eating in, while eating out.
I loaded the tree into the back of the truck with some help from the woman running the market that day. We got the tree in, in no time, but stood back and watched the storm rolling in together. Chatting about weather, her kid's school field trip, watching the low clouds swirl into the valley...gorgeous Eventually I wiped the scruff off my hands onto my pants and said something about feeding the animals. She gave me her blessing "you better rush home before they're all to scared to eat from this storm" and we parted ways with waves and thanks. I bought a pint of Battkenkill Valley's chocolate milk for the hell of it. Delicious.
The Daughton's live on five acres in the nearby town of Whitecreek. Their home is nestled in a series of rolling hills along the Vermont border that make it look more like Western England in 1876 than modern America. They live across the street from State Line Hill Farm, a sunflower, corn, and alternative energy farm where the man who runs it works on various Biodiesels. I'm making none of this up. In their backyard are gardens, a beehive, a barn, a beef steer, 14 chickens, and they recently had a horse until they sold it. Quite the enterprise!
Tim and Cathy, and their songs Holden, Ian, and Seth have become close friends. We met last fall when Tim, Holden and I went with our mutual friend Steve out to go pheasant hunting along route 313. After that, I babysat their cow Tasty when he was just a small calf. From those two encounters, a mutual love of farming brought us together. Since then Seth has taught me how to play marbles, Ian and I have traded livestock tips (Tasty is after all, his project), and last night Tim and Holden helped show me how to load and fire a 12 gauge shotgun safely. Next pheasant season I will be using my own gun.
I didn't ask, nor certainly expect, that they would prepare a local meal based on a girl's internet promise, but they were entirely into it. In celebration of my local food month, they put together an amazing early summer meal. We feasted on grassfed beef kabobs from steers that ate pasture the next town over, spinach salad from their garden, strawberry's from Clearbrook Farm, Local bread, and a summer berry pie from Grandma Miller up in the Green Mountains near Londonderry. It was amazing. Cold well water was the only drink during the meal, and it was perfect too. After dinner we sat on the porch with coffee and Tux (their neighbor's cat) and took in the day. A perfect way to start the weekend. I'm so grateful to have these people just a truck drive away.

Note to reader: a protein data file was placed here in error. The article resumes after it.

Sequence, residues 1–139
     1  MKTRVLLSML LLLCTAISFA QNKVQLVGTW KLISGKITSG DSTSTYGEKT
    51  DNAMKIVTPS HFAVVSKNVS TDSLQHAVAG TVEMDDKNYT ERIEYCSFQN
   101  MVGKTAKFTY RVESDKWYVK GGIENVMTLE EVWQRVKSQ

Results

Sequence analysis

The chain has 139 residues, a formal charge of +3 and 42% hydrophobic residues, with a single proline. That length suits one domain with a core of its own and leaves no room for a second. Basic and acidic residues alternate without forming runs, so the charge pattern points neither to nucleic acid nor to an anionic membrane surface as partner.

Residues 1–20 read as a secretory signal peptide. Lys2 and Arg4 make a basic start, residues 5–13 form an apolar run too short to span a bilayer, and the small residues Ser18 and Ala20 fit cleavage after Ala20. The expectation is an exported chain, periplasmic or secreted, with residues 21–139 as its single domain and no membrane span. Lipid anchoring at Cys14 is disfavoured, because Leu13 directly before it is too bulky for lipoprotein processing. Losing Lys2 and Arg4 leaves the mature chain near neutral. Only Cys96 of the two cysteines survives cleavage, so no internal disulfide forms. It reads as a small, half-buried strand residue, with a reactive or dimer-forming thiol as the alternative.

Today the Eating In challenge continues, and the mission of this lovely Saturday is Strawberries. It's the first true fruit of the Upper Hudson's season and there is a U-pick operation literally two miles down the road. I plan on getting a haul of fresh berries off that farm, and then taking a trip into town to get some new glass jars for canning. I'll be canning enough jam to last the year and still give away to friends. For a few dollars a pint (of berries, cents per jam jar) I'll have my fruit preserves set aside for long as I can stand them. (More on this easy recipe and canning later today.)
I will be explaining all the reasons behind this, but first I wanted to suggest some group reading/listening. Either by paper or audiobook: Barbara Kingsolvers Animal, Vegetable, Miracle is the story of one family's year of living entirely local. (Makes you think very differently about bananas...) and the other is the famed Omnivore's Dilemma, by Michael Pollan, which follows the story behind four meals. Both of these books (which I listen to on my iPod all the time still, while outside on the farm or in my truck) have been huge influences towards starting this farm. I didn't read either until 2009, but have had them sitting near me on a shelf ever since. If you haven't read them, start, you'll be glad you did. And if you're like me and have about 40 minutes a day you can actually sit down and read, load them into your MP3 players and take them on your farm chores, runs, errands in your car, or whatever. Barbara and Mike know their way around a garden, that's for certain.